• https://www.twitter.com/tommy5d tommy5d

    I’m afraid I can’t really agree. Robert Halfon isn’t presenting the “only option on the table”, it’s not even on the table, it’s a pet project from an irrelevant back-bencher.

    On the other hand, raising the personal allowance is the current game in town. It’s Lib Dem policy, probably the one being pushed most by their section of the coalition. Cameron, etc. are very keen to jump on the bandwagon and claim the policy as their own and I wouldn’t be surprised if Labour tried to adopt it as future policy come 2015.

    You talk about a significant tax cut but 10% up to £12,000 will only offer a saving of £200/year to the average family. Yes, you’re right, we shouldn’t turn our nose up at that but why not push for no taxation up until £12,800 which would provide a saving of £560/year and will likely be Lib Dem and Tory policy come 2015?

    If we’re stuck for things to do after that then we can start pushing up the National Insurance threshold from the current meagrely £5668/year towards the minimum wage. Achieving this would result in an additional £856/year tax cut for the average family.

    I do agree that support for the two isn’t mutually exclusive but why when we have a credible, simply tax cut on the table don’t we focus our efforts on uniting behind that?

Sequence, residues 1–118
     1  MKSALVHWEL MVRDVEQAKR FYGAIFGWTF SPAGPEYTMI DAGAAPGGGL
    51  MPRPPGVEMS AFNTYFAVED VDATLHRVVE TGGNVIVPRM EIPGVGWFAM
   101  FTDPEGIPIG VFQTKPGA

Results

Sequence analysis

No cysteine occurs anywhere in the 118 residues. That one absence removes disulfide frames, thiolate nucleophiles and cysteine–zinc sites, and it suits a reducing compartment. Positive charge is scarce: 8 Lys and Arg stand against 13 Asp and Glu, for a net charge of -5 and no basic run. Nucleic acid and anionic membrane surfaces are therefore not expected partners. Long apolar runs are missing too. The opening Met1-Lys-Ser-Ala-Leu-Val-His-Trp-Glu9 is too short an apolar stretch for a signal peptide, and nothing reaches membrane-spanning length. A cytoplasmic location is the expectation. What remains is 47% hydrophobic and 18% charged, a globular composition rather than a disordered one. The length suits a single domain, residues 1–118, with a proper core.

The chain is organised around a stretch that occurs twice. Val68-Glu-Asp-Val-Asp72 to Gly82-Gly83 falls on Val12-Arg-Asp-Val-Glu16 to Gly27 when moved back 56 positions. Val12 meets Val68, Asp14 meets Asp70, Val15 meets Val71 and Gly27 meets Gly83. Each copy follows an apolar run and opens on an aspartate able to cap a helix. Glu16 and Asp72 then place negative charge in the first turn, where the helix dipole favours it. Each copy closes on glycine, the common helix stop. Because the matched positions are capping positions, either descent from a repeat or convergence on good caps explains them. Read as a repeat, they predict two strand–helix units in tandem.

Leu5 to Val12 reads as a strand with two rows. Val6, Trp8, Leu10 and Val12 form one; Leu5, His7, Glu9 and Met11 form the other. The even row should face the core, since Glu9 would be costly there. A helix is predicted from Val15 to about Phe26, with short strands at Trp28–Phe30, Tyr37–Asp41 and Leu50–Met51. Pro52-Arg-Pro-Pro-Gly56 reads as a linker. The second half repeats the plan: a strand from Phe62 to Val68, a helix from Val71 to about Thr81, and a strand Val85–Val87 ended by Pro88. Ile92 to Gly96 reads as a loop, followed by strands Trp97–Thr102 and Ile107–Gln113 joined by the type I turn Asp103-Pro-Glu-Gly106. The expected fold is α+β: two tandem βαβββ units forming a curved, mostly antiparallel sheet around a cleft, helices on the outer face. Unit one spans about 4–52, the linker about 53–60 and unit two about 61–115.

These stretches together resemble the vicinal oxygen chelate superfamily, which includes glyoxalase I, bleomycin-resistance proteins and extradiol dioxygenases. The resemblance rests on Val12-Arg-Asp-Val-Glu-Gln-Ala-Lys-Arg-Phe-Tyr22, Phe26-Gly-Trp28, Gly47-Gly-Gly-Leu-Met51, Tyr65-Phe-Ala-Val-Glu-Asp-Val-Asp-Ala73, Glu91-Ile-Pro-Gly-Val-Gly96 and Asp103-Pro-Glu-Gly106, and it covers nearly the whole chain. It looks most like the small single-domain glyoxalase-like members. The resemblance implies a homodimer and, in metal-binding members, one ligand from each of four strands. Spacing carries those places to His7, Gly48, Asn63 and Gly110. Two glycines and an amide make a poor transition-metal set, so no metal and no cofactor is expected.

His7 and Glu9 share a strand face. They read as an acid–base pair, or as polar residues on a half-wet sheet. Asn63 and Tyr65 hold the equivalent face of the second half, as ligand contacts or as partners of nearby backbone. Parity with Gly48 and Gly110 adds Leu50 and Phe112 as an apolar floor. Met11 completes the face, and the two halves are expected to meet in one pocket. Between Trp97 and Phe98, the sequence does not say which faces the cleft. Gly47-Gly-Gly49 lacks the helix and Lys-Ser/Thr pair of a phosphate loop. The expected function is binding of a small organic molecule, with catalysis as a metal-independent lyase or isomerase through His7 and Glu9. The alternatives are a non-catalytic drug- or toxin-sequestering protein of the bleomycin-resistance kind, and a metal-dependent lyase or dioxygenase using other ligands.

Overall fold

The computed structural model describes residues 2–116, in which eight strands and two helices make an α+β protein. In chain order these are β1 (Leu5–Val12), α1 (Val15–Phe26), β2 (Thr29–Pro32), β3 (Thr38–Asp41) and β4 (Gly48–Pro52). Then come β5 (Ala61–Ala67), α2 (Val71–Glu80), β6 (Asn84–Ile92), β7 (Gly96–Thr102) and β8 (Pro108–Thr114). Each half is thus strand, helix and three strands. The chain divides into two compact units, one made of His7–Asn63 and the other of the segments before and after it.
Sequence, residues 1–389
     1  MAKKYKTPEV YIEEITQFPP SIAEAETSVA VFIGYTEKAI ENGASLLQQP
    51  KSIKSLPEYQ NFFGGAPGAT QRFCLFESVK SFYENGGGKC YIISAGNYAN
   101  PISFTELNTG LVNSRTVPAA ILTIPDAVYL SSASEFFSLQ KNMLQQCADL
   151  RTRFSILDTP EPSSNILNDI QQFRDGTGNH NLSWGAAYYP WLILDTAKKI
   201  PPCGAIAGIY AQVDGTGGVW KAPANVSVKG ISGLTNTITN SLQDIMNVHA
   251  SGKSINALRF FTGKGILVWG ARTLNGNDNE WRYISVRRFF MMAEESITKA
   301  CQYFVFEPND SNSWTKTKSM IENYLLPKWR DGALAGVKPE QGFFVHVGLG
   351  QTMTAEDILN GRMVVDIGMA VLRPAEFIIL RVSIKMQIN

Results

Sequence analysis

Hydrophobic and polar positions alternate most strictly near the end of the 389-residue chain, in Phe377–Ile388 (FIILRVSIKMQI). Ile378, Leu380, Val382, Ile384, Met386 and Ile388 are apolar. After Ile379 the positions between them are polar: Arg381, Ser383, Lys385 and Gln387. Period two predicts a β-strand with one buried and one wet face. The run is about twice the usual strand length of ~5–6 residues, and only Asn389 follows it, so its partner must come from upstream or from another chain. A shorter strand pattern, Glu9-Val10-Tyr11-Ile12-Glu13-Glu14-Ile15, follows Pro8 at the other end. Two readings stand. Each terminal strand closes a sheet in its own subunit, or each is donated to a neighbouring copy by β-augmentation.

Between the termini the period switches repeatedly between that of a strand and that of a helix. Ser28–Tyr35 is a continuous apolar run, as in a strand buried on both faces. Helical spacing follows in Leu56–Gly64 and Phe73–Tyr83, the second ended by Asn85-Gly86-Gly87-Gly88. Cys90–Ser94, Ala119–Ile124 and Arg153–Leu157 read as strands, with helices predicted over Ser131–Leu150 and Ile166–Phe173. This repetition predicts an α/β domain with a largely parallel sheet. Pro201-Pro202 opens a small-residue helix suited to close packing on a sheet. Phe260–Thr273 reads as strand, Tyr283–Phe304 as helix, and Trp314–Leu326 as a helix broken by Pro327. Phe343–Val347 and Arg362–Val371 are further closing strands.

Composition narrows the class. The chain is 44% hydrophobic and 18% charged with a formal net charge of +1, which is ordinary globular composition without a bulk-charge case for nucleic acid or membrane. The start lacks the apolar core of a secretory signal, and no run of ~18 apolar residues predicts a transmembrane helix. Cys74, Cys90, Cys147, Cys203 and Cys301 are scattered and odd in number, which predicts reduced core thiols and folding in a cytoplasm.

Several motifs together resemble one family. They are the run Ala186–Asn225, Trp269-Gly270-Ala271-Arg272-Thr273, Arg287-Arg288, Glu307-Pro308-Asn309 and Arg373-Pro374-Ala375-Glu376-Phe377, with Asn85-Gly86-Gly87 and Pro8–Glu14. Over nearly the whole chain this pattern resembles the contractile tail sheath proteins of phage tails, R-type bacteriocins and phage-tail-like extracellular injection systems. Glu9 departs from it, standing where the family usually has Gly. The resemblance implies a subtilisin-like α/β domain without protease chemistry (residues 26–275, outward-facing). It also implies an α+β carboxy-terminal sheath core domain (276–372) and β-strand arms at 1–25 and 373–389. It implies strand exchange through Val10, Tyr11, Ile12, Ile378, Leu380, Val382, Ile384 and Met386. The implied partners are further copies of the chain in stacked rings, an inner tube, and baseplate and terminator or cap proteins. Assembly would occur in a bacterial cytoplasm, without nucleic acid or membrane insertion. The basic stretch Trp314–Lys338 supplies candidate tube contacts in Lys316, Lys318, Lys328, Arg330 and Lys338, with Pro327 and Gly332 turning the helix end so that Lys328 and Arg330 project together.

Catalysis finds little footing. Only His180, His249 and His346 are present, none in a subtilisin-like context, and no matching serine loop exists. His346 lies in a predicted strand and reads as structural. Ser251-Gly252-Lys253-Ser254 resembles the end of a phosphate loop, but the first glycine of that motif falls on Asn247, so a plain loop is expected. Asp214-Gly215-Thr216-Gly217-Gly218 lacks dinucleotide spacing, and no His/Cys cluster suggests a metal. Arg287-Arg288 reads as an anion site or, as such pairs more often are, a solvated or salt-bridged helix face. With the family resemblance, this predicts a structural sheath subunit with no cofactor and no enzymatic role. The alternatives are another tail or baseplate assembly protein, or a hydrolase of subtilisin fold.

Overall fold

The main problem with the 10p band is it’s just a cumbersome way of doing what the personal allowance already does. 10% until £12k is the same as pushing the allowance to £11k, except that the allowance rise helps the poorer more because you get the full benefit when earning £11k whereas with the 10p band you have to earn £12k to get the full cut.

    Also, it’s not about lines in the tax code, it’s about normal people’s perceptions of our tax system. It’s about the message you can take out to people, not just for political reasons but to get people working. Which is a better message “pay nothing on your minimum wage” or “pay nothing on the first £10k, 10% on the next £2000 and then 20% on the final £800″